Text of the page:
|Distance (km)||Ascent (metres)||Number of days|
|Start: Mull of Galloway||Finish: Glenapp Kirk|
Linked to other Scotland’s Great Trail(s):
Ayrshire Coastal Path Southern Upland Way
Route type and direction
Linear. The recommended direction is to head north from the Mull so that the prevailing wind is at your back. Also, the Mull is the high point of the trail, so that on trend you go downhill to reach Glenapp via Stranraer.
Note that the Stranraer/Glenapp section was created first, under the brand Loch Ryan Coastal Path; later the Mull/Stranraer section was added as the Mull of Galloway Trail. That Trail now officially incorporates the Loch Ryan Coastal Path, but the waymarkers for the northern section are still distinct from those of the Mull of Galloway Trail. The Rotary Club of Stranraer created both parts of the trail, and maintains them on a voluntary basis.
It forms part of the 135-mile Firth o Clyde Rotary Trail that extends from the Mull of Galloway to Milngavie, created by the Rotary Clubs of Stranraer, Ayr, Gourock and Allander.
Starting from the Mull of Galloway, Scotland’s most southerly point, the route stays fairly close to the coast of Luce Bay, passing through the villages of Drummore, Ardwell and Sandhead. Afterwards it continues north, inland towards Stranraer. The terrain is generally flat, broken by occasional steep gradients particularly to the south of Drummore. From Stranraer to Glenapp (waymarked as the Loch Ryan Coastal Path) it follows the coast of Loch Ryan until a point north of Cairnryan where it climbs steeply inland to reach high, open ground. Finally it descends to end at Glenapp Church.
From Glenapp, users can continue on the Ayrshire Coastal Path to Skelmorlie, and from there follow the Clyde Coastal Path to Milngavie where the West Highland Way begins. It ends at Fort William, which leads to the Cape Wrath Trail to the most north-westerly point in Scotland. The combined route from the Mull to Cape Wrath constitutes the Scottish Chapter of the International Appalachian Trail.
- the Mull with its Stevenson lighthouse and superb views to the Isle of Man, Mountains of Mourne and Galloway Hills
- local history along the route interpreted by 24 information boards
- varied scenery – farmland and coastal, with views north of Stranraer to Luce Bay, the Isle of Man and Ireland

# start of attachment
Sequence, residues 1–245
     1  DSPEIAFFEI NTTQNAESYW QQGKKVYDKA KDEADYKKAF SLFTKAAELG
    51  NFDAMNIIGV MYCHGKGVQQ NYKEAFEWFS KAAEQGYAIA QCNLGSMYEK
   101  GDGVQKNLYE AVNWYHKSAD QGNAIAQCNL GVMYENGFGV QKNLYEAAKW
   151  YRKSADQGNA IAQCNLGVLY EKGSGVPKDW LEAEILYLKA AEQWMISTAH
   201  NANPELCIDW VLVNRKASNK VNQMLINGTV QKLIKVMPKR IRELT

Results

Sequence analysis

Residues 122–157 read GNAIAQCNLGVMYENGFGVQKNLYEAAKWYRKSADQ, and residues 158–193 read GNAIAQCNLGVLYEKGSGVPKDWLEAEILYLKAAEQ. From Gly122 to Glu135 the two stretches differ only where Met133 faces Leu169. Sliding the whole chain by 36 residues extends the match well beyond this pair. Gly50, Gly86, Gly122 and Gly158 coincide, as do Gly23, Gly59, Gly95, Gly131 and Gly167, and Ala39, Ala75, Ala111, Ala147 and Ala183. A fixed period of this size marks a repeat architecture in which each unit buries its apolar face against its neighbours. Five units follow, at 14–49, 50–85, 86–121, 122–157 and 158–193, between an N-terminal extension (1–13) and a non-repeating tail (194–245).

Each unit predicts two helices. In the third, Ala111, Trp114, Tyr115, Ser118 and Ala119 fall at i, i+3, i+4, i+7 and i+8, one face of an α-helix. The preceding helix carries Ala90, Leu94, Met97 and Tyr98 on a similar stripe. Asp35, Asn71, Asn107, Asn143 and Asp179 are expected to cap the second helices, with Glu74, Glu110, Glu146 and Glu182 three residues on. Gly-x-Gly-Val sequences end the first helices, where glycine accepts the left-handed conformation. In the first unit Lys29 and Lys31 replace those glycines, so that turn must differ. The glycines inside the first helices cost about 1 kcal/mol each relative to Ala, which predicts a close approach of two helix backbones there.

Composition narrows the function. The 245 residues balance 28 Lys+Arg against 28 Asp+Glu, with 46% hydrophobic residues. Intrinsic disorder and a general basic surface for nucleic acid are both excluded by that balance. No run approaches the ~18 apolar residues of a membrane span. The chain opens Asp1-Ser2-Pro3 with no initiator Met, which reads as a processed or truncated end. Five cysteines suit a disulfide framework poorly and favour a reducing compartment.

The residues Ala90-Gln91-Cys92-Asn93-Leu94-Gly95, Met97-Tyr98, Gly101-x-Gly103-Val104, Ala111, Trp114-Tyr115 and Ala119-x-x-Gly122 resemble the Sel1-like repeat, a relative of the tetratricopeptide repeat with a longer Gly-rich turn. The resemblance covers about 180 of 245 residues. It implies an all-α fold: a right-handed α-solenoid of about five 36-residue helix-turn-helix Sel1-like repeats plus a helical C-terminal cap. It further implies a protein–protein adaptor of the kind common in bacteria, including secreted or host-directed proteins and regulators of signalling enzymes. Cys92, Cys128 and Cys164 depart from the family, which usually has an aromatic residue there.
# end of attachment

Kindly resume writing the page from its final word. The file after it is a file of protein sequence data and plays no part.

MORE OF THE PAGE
- diversity of wildlife including deer, red squirrels and seals, with many species of birds and wildflowers
- links with other trails as part of the International Appalachian Trail
- some road walking north of Drummore, and from Clayshant to High Barnultoch
- no public transport from Drummore to the Mull
- two wet areas on the Loch Ryan Coastal Path
The route is well waymarked, so map-and-compass skills should not be needed. We recommend walkers to spend three days to reach Glenapp from the Mull, with overnights at Sandhead and Stranraer. However experienced, walkers may prefer to reach Stranraer in a single day, then continue via Glenapp on the Ayrshire Coastal Path to reach Ballantrae.
While there are many sections which are fairly flat and easy to walk the route from the Mull to Maryport has several steep gradients and north of Cairnryan there is a steep climb to the high ground above Loch Ryan.
The official website carries listings here. In outline, there are B&Bs between Drummore and the Mull and hotels in Drummore, Sandhead and Stranraer, with other B&Bs in Stranraer and Cairnryan. Caravan parks along the route can be found at Maryport, Drummore, New England Bay, Ardwell, Sandhead, Stranraer, Inermessan and Cairnryan.
Wild camping is legally allowed in Scotland if practised responsibly under the Scottish Outdoor Access Code.
In addition to support services listed below, some B&Bs will transport walkers to the Mull or other parts of the trail and may also collect them. Some operators that support the Ayrshire Coastal Path may also be relevant.
Buses run from Stranraer to Drummore and from Stranraer to Glenapp. There is a train station in Stranraer. The route passes near the ferry terminals serving northern Ireland: P&O Ferries plies between Cairnryan and Larne, north of Belfast, and Stena Line runs between Cairnryan and Belfast.